Saturday, June 2, 2018

TV Show - Race to Escape

Official logo of the show

Release Year:
# of Episodes:
Episode Duration:
43 min
Room Duration:
60 min
# of Players:
2 teams of 3 players
Jimmy Pardo

Picture from the producer's website

So what is it?
  • Back in 2015, before I even played my first Escape Room, the phenomenon was already running in full force in some parts of North America. The Science Channel decided to capitalize on this new craze with a summertime reality game show titled "Race to Escape".
  • The show had this (fairly) novel idea of putting two teams against each other, in real time. Therefore, there are in fact two copies of each room, completely identical except for their background color. That way, viewers can easily tell the "blue" and "red" teams apart. The team that manages to escape first gets the cash prize.
  • Here's the kicker, though: that big prize might start off at $25,000, but as time advances it starts going down - $500 every minute past the 40-min-remaining mark.
  • Every episode follows a basic pattern: teams start off the room with blindfolds on, and some physical restraint. Once they free themselves, they should figure out how to obtain a first 4-digit code that must be entered in a big keypad near the exit door. If the code is right, the team receives a physical clue that should lead them to next 4-digit code. Entering 3 wrong codes in a row will lock the pad for 2 minutes. Overall, 5 codes will be entered before the door opens. Teams know how many codes their opponents have solved, but don't otherwise interact with each other.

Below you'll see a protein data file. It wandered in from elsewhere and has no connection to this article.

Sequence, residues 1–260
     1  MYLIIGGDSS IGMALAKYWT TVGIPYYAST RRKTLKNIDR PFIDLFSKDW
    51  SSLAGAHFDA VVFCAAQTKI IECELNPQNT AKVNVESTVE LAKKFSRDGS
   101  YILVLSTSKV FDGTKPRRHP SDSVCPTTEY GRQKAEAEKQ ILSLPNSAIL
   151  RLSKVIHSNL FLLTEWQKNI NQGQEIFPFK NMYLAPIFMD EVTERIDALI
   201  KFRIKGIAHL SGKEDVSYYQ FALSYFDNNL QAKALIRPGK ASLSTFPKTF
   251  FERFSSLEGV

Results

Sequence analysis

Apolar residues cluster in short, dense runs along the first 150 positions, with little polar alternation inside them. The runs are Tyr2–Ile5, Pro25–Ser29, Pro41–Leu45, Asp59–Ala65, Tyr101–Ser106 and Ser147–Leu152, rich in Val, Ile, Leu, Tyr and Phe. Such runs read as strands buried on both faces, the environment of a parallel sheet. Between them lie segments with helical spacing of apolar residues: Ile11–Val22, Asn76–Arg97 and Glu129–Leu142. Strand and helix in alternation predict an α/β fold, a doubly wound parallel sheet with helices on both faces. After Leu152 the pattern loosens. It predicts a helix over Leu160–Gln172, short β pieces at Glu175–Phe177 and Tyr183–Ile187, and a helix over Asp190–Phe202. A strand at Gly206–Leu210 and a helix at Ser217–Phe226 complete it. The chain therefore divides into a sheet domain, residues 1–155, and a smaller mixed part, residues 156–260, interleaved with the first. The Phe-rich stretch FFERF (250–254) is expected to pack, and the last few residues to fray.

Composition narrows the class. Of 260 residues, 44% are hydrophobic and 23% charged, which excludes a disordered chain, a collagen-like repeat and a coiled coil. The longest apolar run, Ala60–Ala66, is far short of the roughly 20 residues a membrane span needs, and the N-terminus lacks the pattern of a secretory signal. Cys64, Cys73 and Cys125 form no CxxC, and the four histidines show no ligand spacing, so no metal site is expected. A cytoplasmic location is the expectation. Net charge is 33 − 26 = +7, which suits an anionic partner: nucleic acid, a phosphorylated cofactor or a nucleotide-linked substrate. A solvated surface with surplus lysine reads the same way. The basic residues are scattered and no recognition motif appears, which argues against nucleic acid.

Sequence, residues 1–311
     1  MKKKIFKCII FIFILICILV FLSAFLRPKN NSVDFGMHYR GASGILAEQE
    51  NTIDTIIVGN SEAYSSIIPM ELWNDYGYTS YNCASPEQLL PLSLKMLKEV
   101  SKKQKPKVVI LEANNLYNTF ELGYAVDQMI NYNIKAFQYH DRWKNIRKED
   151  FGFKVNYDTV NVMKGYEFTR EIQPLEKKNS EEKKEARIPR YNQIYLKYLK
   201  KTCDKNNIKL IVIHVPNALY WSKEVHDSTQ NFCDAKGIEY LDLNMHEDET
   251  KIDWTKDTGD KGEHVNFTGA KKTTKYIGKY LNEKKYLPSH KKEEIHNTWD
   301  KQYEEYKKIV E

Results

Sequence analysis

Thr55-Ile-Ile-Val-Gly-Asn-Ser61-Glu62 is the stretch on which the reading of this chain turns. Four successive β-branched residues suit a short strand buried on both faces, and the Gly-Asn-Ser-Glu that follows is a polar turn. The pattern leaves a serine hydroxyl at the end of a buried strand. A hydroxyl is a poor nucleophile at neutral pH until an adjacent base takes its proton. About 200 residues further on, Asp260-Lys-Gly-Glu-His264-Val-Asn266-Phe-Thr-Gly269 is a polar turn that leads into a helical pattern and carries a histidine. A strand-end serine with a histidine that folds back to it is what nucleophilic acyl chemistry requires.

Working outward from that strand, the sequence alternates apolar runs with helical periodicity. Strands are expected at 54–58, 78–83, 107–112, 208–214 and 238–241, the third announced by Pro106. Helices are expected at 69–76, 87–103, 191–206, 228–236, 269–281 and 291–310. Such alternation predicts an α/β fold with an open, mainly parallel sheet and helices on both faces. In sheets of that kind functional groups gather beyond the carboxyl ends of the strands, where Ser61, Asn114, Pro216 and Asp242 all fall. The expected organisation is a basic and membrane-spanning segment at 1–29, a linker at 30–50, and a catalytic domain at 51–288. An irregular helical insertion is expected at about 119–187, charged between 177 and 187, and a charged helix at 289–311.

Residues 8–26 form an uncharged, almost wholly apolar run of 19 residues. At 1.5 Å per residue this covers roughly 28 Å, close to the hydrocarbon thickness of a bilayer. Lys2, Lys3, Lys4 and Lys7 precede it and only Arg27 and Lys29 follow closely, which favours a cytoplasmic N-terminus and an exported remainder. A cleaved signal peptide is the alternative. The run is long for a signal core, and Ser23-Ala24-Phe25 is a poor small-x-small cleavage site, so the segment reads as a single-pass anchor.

• If everybody in a team agrees, they can request a "Codebreaker" that should help them sidestep the current puzzles. Codebreakers are written in advance, take $5,000 off that team's prize money, and they can only be used on the first 4 codes, with players having to wait at least 3 minutes after the previous code was solved. Since players don't want to waste money, but can feel pressured by their opponents' progress, choosing when to use a Codebreaker becomes a strategic matter.
  • In a similar manner to the Escape! web series, the show is hosted by a comedian, who barely interacts with the players. In fact, he's mostly there to describe what's going on (and mock hapless players). Like I said about Janet Varney, Mr. Pardo doesn't quite seem to be in his element, though it's hard to say what he could really do better.
  • One angle that's unique to this show, though, is the recurring presence of pop-psycho explanations to try to explain why the players are making certain mistakes. In other word, the show tries to study and explain what makes us do dumb things while solving escape rooms. 😎
  • Overall, I loved every single episode, and so did my family. I'd recommend it to anyone who likes Escape Rooms, or anyone trying to understand what they are. (With one caveat: players often break down a lot more stuff than any room I've played. 😊)

  • The Explorer's Study
  • The Chinese Restaurant
  • Bar Fight
  • Schoolhouse Lock
  • The Auto Shop
  • Barbershop Breakout

Where can I watch it?
  • Yeah, that's the tricky part... 😶
  • The episodes are still available on the show's official page... provided you're getting the Science Channel through your US cable subscription. And let's be honest - if you're regular on this blog, you probably don't have one of those.
  • A simple YouTube search will probably turn up a good number of results. As you'll see, though, those episodes are of lower quality, with the image typically taking half the screen, people having helium voices, that sort of things.
  • The most tech-savvy amongst yourselves might know good sources of... not-quite-legal TV episodes. Let's just say that might work, too. 😝

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